I live my life by a spreadsheet that tells me what to do each day. It tells me my chores, the phone calls I need to make, what time I need to leave to make it to the doctors office on time, what errands to run, what friends I need to text, and when to rest. Every night I make my schedule for the following day, and the next day I just follow the plan.
My life has been much the same way. I graduated from high school and went off to college. Then I graduated from college and got a job. Next I got engaged, then married and had 2.0 children. I became a stay at home mom and homeschooled them. Then they went to college and left me…with an empty nest.
And with absolutely no plan for what to do next.
I quietly rolled over in bed, trying not to wake up my husband. We were on vacation, and I was doing my darnedest to let him sleep until 7 am. So I did what I usually do when I awake early: think and pray. I prayed for friends who were struggling, friends who were sick, and for family members who needed help.
Then I began to pray for my fledgling speaking ministry. As I prayed, I felt a familiar knot in the pit of my stomach. All of my hopes and aspirations were rolled up in that pang of uncertainty about my future.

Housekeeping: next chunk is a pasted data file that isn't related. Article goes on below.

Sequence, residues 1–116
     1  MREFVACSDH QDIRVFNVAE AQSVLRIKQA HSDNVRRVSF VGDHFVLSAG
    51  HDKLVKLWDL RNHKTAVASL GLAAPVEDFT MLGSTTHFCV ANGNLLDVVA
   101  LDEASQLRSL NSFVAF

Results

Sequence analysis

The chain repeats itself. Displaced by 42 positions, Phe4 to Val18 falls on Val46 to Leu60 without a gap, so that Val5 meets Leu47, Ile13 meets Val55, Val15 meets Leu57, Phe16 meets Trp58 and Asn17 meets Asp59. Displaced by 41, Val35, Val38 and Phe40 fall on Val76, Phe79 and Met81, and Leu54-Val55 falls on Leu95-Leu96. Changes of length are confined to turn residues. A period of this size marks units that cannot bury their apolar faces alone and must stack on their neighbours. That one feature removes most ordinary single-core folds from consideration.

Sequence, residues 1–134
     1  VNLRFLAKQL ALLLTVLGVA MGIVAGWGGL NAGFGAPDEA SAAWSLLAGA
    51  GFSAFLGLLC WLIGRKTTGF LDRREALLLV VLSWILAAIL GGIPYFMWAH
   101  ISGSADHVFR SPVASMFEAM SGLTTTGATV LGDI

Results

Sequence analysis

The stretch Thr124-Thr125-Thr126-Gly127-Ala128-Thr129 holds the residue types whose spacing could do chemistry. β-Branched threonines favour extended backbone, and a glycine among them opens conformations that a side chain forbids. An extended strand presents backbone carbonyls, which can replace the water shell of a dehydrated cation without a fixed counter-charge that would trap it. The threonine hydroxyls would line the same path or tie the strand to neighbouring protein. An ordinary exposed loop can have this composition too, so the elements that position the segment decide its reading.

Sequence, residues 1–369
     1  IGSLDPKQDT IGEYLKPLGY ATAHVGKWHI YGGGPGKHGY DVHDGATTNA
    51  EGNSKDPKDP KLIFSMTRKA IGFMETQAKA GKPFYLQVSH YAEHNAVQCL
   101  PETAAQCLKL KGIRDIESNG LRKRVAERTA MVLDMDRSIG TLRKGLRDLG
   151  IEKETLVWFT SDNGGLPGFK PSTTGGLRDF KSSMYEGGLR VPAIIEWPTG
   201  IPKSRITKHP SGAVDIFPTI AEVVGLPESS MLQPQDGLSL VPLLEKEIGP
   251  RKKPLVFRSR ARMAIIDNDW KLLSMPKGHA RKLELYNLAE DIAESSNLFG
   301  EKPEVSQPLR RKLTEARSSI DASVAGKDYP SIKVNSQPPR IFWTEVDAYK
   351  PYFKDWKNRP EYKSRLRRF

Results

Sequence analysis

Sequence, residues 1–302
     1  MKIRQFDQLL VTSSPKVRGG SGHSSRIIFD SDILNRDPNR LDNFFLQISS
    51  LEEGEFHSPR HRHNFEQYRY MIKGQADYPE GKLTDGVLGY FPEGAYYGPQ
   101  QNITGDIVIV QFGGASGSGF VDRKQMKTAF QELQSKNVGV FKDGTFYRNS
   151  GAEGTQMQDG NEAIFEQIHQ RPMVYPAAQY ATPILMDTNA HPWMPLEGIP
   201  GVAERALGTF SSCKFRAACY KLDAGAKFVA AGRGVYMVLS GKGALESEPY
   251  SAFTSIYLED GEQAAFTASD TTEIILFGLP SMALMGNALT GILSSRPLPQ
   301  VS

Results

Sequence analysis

The phone rang. I was out working in the yard, enjoying my flowers, but I decided to run into the garage to grab it. It was a friend in crisis calling for prayer, like many friends before her. I found a quiet spot in the house to sit and fully listen to her story. She had made a mistake on her taxes and potentially owed the government $13,000. $13,000! I did not know what to say, other than “Wow,” so I offered to pray for her. And as I listened to Holy Spirit and prayed for her, these keys for surviving a crisis emerged.
I walked around my house chanting, “I am braver than I think. I am braver than I think.” I didn’t feel brave, but I was trying to convince myself that I was. My heart was in my throat, and I felt sure that I was going to have a panic attack. My 18 year old son wanted to drive to a friend’s house for the first time. The friend’s house was on a busy city street that was near “the projects” on the other side of the railroad tracks. And it was dark outside. I was desperately trying to be brave, but all I could envision was him being lost in the city in the dark in the projects. I was an emotional mess.